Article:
“In the case of a contract for sale of land it was thus sufficient act of part performance if the purchaser was let into possession
by the vendor for then it was clear that there must be some transactions between them concerning the land. The contract could not
be fabricated by perjured evidence. But if the purchaser merely paid the vendor without taking possession, this was not sufficient
act of part performance because it did

not by itself indicate a transaction about the land.”

In the instant, case the learned Judge agreed that between parties the written sale agreement was a mere formality since the purchaser
had paid the purchase price in whole. In his view, even that formality was fulfilled by the transfer executed by DW2 in favor of
the respondent and that therefore the purchaser could not be considered a trespasser on the land.

As was pointed out earlier, this was misdirection. Payment of the purchase money whether wholly or in part does not entitle the purchaser
to enforce the parol contract. Similarly, a clandestine taking possession of the land by the purchaser does not entitle him to enforce
the parol contract. He needs the consent of the vendor to take possession of the land as evidence of part performance.

In Delaney v T.P. Smith Ltd. (1946) KB 393, the vendor repudiated an oral agreement but the purchaser nothing daunted, made a clandestine entry into the property. On being forcibly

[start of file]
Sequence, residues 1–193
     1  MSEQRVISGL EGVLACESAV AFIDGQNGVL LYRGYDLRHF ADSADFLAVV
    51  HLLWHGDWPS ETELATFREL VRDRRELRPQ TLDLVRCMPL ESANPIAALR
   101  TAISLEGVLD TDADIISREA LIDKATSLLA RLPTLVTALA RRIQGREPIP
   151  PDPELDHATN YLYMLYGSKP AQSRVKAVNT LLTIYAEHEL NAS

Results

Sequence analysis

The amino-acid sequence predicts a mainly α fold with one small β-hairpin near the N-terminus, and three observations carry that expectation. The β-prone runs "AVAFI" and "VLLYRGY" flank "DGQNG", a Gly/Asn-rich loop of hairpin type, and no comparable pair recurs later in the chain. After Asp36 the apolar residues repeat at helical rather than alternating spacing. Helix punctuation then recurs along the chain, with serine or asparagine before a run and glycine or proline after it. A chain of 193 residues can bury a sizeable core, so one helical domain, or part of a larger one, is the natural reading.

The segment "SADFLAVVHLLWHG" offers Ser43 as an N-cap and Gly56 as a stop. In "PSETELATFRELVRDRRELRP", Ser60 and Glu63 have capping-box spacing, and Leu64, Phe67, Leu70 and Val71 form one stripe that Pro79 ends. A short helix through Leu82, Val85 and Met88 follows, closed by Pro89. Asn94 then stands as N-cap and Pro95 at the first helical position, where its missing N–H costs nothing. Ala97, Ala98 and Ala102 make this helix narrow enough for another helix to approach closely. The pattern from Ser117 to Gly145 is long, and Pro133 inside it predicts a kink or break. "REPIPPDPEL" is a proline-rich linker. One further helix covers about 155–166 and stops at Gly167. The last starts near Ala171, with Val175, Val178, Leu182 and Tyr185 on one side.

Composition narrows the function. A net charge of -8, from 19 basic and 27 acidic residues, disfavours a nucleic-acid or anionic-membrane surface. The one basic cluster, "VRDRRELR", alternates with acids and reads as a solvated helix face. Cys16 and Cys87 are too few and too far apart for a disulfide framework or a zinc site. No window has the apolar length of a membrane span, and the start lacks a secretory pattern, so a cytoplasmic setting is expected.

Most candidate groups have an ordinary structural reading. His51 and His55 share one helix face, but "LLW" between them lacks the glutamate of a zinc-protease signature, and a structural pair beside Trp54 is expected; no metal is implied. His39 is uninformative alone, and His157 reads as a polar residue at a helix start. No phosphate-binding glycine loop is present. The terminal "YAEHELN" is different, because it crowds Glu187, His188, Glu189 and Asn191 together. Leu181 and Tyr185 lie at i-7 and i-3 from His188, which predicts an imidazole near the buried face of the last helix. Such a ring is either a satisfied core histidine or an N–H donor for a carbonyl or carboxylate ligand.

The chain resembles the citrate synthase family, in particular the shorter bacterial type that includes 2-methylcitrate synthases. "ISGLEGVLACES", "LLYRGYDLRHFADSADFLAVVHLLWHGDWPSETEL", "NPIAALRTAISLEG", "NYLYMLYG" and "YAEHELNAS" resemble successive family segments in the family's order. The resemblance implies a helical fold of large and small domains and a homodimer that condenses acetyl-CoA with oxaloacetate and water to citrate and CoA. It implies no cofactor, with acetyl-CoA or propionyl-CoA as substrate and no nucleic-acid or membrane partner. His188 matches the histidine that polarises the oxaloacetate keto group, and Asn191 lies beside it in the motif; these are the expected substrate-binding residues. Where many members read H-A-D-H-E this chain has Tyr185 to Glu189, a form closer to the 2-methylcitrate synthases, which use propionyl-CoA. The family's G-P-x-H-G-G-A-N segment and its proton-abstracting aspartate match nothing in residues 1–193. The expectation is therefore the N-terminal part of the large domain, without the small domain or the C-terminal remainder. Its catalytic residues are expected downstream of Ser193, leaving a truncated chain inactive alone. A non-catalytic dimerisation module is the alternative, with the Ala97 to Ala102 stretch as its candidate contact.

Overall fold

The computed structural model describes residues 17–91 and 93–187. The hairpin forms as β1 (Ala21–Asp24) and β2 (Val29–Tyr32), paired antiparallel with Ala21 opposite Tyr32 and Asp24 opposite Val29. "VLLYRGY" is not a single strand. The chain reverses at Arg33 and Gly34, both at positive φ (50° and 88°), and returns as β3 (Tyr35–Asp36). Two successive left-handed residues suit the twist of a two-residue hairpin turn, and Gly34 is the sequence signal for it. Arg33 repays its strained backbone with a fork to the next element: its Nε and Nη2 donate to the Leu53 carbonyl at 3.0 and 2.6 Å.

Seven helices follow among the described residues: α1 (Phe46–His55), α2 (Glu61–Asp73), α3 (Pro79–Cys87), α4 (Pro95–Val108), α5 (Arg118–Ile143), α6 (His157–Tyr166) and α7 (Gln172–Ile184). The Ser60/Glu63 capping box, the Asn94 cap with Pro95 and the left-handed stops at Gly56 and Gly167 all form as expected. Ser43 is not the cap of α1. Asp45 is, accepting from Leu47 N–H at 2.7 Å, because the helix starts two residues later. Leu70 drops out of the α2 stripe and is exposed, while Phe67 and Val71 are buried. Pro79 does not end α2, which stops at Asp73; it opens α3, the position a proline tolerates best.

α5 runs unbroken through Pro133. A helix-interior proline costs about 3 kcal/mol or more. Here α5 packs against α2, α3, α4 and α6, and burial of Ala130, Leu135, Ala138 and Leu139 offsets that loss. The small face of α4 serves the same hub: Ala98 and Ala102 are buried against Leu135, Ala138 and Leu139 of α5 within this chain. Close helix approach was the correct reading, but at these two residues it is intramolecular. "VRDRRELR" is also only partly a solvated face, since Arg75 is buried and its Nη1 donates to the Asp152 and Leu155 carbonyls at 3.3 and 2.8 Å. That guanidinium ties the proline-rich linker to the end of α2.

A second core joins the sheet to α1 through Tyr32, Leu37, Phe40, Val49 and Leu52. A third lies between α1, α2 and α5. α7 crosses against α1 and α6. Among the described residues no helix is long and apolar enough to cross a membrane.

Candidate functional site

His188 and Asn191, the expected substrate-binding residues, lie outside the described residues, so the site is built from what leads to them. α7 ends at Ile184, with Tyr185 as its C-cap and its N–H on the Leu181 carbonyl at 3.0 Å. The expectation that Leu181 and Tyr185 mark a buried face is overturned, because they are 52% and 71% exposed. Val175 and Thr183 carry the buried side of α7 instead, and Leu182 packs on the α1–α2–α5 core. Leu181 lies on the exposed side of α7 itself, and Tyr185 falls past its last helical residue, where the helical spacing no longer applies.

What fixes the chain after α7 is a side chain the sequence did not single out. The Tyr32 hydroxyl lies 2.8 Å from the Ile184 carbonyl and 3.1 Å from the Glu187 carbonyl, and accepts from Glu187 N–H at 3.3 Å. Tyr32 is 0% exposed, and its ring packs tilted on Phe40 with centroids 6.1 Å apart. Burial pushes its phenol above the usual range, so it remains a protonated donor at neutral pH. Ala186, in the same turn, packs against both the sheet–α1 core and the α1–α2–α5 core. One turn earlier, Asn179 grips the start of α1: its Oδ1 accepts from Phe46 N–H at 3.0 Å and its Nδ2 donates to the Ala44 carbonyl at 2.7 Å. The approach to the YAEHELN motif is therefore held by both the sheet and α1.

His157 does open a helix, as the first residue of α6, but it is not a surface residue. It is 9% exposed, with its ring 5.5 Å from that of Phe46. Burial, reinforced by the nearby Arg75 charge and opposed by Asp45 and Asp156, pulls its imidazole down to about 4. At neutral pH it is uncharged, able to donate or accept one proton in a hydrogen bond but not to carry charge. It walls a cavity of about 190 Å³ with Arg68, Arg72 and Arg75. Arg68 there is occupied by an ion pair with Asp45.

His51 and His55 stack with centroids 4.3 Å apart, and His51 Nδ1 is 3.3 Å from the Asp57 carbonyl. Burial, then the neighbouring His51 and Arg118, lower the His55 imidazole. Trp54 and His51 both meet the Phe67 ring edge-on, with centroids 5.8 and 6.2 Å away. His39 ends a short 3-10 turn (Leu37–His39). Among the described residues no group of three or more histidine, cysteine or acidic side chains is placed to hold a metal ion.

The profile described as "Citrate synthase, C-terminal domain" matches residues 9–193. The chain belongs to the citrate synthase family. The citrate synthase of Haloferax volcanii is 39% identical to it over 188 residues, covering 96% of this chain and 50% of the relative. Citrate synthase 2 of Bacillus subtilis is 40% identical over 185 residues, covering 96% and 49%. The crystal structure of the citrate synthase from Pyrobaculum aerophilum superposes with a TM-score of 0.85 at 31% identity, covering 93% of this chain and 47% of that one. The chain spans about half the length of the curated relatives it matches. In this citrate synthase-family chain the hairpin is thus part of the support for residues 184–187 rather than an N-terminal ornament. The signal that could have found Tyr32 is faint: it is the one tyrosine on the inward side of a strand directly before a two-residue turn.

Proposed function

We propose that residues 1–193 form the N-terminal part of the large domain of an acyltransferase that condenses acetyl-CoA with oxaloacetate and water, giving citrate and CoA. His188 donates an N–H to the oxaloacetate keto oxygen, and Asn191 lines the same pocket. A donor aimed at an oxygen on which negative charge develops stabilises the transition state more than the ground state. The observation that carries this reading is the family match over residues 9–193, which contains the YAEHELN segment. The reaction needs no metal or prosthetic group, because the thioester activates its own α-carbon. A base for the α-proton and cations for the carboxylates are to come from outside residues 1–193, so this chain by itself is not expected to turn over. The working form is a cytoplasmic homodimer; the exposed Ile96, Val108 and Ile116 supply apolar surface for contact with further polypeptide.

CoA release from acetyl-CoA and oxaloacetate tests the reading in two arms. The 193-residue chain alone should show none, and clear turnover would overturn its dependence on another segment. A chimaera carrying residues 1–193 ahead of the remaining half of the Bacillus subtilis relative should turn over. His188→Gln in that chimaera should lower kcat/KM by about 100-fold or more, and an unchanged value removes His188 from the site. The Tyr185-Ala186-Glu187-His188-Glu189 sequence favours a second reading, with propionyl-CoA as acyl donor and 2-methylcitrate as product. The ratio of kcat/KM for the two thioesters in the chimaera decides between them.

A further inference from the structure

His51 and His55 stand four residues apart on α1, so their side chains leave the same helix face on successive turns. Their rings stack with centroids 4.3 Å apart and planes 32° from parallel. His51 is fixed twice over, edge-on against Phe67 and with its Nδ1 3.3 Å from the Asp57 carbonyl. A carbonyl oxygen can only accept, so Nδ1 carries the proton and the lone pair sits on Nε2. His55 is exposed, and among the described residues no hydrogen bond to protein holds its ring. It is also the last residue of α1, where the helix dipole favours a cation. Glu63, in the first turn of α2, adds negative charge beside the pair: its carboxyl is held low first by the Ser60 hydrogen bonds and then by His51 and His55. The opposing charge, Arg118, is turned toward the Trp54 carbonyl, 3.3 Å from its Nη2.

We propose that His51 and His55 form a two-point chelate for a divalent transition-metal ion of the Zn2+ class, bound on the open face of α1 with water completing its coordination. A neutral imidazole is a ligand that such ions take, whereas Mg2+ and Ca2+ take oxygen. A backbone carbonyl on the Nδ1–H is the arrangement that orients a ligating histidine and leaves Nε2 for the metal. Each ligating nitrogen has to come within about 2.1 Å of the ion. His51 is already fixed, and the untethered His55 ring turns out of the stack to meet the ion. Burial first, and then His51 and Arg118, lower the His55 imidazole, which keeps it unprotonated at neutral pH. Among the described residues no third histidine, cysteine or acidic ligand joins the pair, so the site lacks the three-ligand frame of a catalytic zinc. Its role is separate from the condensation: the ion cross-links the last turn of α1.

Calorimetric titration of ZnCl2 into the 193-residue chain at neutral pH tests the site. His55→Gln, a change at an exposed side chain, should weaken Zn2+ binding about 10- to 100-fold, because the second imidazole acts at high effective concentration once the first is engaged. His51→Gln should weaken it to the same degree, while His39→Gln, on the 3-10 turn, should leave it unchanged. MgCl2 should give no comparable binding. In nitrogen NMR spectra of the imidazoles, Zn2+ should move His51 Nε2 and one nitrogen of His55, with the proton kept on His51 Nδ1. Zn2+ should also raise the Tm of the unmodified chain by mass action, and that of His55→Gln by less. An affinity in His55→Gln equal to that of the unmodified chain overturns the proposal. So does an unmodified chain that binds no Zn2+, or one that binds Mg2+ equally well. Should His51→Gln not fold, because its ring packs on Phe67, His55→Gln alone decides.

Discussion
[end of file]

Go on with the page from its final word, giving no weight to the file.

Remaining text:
ejected by the vendor, the purchaser claimed that he had been lawfully in possession under the contract and so could not be disturbed.
This argument failed because the vendor was still the legal owner of the property and the purchaser’s title could be proved
against him only if the action was founded on the contract which was precisely what the statute forbade.

In the instant case, the purchaser’s title was being proved against a third party. As against the third party, the respondent’s
title is founded on possession, not on the contract. Under the common law, possession is the root of title. Every possession creates
a title which as against all subsequent intruders has all the incidents and advantage of a true title. See Pollock and Waight, Possession in the Common Law p.95. The respondent was already in possession of the land. To succeed, the appellant needed to show that he has a better title than that
of the respondent. He cannot set up justerii as has been done, against the respondent to defeat his title. Only parties to a contract can sue on it. The appellant, who is not
a party to the contract of sale of land between PW3 and the respondent, cannot invoke the right under that contract against the respondent.
I accordingly find no merit in these grounds.

In the result, I would dismiss the appeal with costs only in the court below as the respondent did not appear at the hearing of the
appeal. As Mpagi-Bahigeine, J.A. and Kitumba, J.A. both agree, the appeal is dismissed. The appellant shall pay the respondent’s
costs in the court below only.



Dated at Kampala this 27th. day of November 1998

G.M. OKELLO

JUSTICE OF APPEAL





JUDGMENT OF A.E. MPAGI-BAHIGEINE,J.A.

I have read the judgment of Okello,J.A. in draft.

I find myself in complete agreement with the learned judge, and have nothing useful to add.

Dated at Kampala this 27th day of November.1998.

A.E.MPAGI-BAHIGEINE

JUSTICE OF APPEAL









JUDGMENT OF C.N.B. KITUMBA, J.A.

I have had the advantage of reading the judgment of My Lord Okello, J.A. in draft. I entirely agree with the judgment and I have nothing
to add.

I would dismiss the appeal. The appellant shall pay the respondent’s costs in the court below as the respondent was not present
at the hearing of this appeal.



Dated at Kampala this 27thday of November 1998

C.N.B. Kitumba

Justice of Appeal.